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We provided chimpanzees (Pan troglodytes) with the ability to improve the quality of food rewards they received in a dyadic test of inequity.We were interested to see if this provision influenced their responses and, if so, whether it was mediated by a social partner’s outcomes. We tested eight dyads using an exchange paradigm in which, depending on the condition, the chimpanzees were rewarded with either high-value (a grape) or low-value (a piece of celery) food rewards for each completed exchange. We included four conditions. In the first, “Different” condition, the subject received different, less-preferred, rewards than their partner for each exchange made (a test of inequity). In the “Unavailable” condition, high-value rewards were shown, but not given, to both chimpanzees prior to each exchange and the chimpanzees were rewarded equally with low-value rewards (a test of individual contrast). The final two conditions created equity. In these High-value and Low-value “Same” conditions both chimpanzees received the same food rewards for each exchange.Within each condition, the chimpanzees first completed ten trials in the Baseline Phase, in which the experimenter determined the rewards they received, and then ten trials in the Test Phase. In the Test Phase, the chimpanzees could exchange tokens through the aperture of a small wooden picture frame hung on their cage mesh in order to receive the high-value reward. Thus, in the Test Phase, the chimpanzees were provided with an opportunity to improve the quality of the rewards they received, either absolutely or relative to what their partner received. The chimpanzees responded in a targeted manner; in the Test Phase they attempted to maximize their returns in all conditions in which they had received low-value rewards during the Baseline Phase. Thus, the chimpanzees were apparently motivated to increase their reward regardless of their partners’, but they only used the mechanism provided when it afforded the opportunity for them to increase their rewards.We also found evidence that the chimpanzees’ responses were enhanced by social facilitation. Specifically, the chimpanzees were more likely to exchange their tokens through the frame when their test partner also did so, even in circumstances in which their reward value could not be improved. Our paradigm provided the chimpanzees with the possibility to improve the quality of rewards they received in the Test Phase. We found that refusals – to exchange tokens or to eat rewards – decreased significantly in the Test Phase compared to the Baseline Phase, where no such opportunity for improvement of outcomes existed. Thus, the chimpanzees participated more when they could improve the rewards they received.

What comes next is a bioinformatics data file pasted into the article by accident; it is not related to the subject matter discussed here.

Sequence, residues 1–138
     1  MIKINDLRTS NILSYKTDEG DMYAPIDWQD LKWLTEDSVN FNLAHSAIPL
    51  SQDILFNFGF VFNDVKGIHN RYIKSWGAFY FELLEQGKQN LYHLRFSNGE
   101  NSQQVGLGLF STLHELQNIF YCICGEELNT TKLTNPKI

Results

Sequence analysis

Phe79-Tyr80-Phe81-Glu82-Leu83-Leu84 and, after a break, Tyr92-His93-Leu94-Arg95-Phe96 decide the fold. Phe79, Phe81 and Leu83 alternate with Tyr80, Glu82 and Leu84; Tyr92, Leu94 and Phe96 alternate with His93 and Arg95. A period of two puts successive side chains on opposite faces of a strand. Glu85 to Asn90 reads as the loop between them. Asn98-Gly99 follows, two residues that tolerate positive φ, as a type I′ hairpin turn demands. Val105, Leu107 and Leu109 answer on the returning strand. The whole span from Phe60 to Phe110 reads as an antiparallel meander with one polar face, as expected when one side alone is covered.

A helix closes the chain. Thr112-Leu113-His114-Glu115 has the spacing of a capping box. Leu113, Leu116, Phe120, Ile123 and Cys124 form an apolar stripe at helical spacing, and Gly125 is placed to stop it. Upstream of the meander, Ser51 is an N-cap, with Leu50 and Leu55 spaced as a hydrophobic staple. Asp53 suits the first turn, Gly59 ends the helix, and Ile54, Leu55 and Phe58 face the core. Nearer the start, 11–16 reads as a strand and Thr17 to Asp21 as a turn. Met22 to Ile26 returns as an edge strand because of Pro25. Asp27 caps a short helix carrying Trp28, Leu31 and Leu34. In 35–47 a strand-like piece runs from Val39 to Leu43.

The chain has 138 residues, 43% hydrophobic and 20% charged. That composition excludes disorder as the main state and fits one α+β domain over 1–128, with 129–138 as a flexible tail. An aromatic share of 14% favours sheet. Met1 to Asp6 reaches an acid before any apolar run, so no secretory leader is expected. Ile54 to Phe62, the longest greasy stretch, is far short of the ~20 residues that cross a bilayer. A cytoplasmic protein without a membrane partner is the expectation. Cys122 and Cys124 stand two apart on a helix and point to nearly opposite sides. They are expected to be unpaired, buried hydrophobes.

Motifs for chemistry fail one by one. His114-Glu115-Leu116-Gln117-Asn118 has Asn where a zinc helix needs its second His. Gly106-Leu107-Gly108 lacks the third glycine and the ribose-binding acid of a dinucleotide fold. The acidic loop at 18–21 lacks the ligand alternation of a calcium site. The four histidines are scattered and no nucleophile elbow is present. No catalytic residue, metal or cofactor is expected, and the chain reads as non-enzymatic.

This article was originally published in the open access journal PeerJ. Copyright © 2013 Hopper et al. This is an open access article distributed under the terms of the Creative Commons Attribution License, which permits unrestricted use, distribution, and reproduction in any medium, provided the original work is properly cited.

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